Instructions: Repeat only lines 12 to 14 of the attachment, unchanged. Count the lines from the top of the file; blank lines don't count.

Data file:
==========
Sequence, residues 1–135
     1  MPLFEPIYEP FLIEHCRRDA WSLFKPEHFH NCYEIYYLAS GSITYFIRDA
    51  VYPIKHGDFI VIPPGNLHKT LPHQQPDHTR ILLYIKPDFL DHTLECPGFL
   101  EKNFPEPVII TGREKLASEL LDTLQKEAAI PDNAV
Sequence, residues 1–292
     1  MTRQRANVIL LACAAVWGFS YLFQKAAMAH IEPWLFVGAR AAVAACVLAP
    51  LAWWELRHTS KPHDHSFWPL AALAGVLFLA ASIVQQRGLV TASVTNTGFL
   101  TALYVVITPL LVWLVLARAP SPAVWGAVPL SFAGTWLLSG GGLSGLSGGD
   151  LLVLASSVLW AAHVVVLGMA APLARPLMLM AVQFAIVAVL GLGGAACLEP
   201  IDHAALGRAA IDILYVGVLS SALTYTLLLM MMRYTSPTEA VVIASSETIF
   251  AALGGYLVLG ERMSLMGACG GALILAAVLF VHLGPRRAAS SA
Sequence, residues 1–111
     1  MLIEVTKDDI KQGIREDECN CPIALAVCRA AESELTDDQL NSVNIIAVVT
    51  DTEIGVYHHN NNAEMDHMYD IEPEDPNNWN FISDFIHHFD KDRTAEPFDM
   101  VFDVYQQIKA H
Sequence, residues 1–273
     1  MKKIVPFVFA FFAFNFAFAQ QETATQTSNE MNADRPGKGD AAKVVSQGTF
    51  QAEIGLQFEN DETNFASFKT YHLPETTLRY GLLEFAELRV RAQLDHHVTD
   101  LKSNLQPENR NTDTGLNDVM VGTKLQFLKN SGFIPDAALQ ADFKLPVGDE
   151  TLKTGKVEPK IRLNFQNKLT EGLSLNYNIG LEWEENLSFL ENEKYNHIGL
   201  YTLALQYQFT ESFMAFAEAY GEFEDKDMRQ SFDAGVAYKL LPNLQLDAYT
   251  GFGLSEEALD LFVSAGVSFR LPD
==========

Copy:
Sequence, residues 1–111
     1  MLIEVTKDDI KQGIREDECN CPIALAVCRA AESELTDDQL NSVNIIAVVT
    51  DTEIGVYHHN NNAEMDHMYD IEPEDPNNWN FISDFIHHFD KDRTAEPFDM